There have been a number of recent cases on whether petitions in federal court to confirm or vacate reinsurance arbitration awards  should be sealed. The trend in many courts appears to be against granting the sealing request, but some courts do not consider a petition to confirm to be the type of case that merits public disclosure.

In a recent case in New York federal court, the judge confirmed the award, but as requested by the parties asked them to brief the issue of why he should grant their joint request to seal the record. The judge mentioned that in the Southern District of New York, public disclosure is presumed and sealing requests are rarely granted. Those briefs are due on February 23 or so and we should see a decision shortly thereafter.

In Clearwater Ins. Co. v. Granite State Ins. Co., No. 15-cv-165 (RJS), 2015 U.S. Dist. LEXIS 13792 (S.D.N.Y. Feb. 5, 2015), the court granted the unopposed petition to confirm an arbitration award. Both sides asked the judge to seal the record stating that because confirmation is a ministerial act, the case did not implicate the public’s right to access to documents underlying the award.

The parties noted a recent Illinois federal court case that said the presumption in favor of public filing is not triggered by a petition to confirm an arbitration award. Nationwide Mut. Ins. co. v. Continental Cas. Co., No. 14-cv-844 (EEB) (N.D. Ill. Jun. 3, 2014). The New York federal court relied on the precedent in its own district and stated that the parties must overcome the strong presumption of public access to judicial documents, including the adjudications of substantive rights. Because no facts or arguments justifying sealing were presented, the court ordered the briefing (limited to 15 pages).

So what’s the big deal? Isn’t it an open secret that even with confidentiality orders and agreements in nearly every reinsurance arbitration the results “find” there way out to the industry?

The big deal is the tension between the presumption of public access to court records and the general notion that reinsurance arbitration is a private and confidential proceeding outside of the public view. That latter position is bolstered by the confidentiality typically agreed upon by parties to reinsurance arbitrations. It is rare today to see an arbitration that does not use the ARIAS·U.S. form of Confidentiality Agreement.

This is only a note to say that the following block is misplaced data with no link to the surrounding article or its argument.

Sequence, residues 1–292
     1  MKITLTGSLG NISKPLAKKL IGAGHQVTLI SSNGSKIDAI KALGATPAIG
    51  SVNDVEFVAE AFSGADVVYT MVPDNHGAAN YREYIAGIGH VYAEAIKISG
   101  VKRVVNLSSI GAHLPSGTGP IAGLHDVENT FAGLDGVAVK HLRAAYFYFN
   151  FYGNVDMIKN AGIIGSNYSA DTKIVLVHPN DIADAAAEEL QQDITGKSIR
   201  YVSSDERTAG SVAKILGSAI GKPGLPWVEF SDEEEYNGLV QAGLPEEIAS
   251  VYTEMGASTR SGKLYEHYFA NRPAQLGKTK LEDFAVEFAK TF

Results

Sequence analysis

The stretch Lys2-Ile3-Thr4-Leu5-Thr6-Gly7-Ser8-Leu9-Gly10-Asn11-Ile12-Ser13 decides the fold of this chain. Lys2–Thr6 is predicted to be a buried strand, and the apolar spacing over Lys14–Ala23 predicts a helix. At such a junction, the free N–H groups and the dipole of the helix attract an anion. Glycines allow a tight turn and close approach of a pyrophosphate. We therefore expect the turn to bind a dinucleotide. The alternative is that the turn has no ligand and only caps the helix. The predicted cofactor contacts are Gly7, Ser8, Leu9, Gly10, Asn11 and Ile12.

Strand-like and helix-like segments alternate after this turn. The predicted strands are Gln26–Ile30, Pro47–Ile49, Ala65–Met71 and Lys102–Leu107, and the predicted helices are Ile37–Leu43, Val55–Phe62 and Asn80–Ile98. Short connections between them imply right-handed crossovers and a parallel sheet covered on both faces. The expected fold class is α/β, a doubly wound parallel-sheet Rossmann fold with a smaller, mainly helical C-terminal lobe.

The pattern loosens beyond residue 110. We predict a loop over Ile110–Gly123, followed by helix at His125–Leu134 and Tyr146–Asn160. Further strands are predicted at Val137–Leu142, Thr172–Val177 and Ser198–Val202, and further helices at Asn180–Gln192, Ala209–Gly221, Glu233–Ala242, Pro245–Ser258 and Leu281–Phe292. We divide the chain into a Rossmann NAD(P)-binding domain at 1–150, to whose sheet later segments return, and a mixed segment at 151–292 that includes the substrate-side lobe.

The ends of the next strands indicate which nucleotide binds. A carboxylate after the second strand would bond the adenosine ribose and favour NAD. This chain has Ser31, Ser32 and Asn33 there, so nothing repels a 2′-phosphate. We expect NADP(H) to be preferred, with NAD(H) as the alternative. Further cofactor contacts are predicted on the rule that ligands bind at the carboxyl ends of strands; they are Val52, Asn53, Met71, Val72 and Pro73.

When parties go to court to confirm or vacate or modify an arbitration award, they are asking a public court to participate in what was a private and confidential proceeding between the parties. Doesn’t the public therefore have the right to access the petition and other papers filed with the application for confirmation or vacatur?

The argument against public access is that a petition to confirm is merely ministerial, because under the Federal Arbitration Act a court must grant the petition and confirm the award unless it concludes that there is a basis to vacate, modify or correct the award. As we all know, the bases to vacate or modify an arbitration award are very limited. Where there is no opposition to the petition to confirm, there is no real public issue and the parties are merely seeking a federal judgment to enforce their private arbitration award.

Given the trend in the courts to refuse to grant the requests to seal the papers on a petition to confirm an arbitration award, parties need to think about whether going to court to confirm provides them with advantages that outweigh the possibility that the public (i.e. other parties who may have disputes with them) will obtain unfettered access to what was supposed to be confidential materials.

The Clearwater case may provide us with some judicial analysis to help parties make that determination.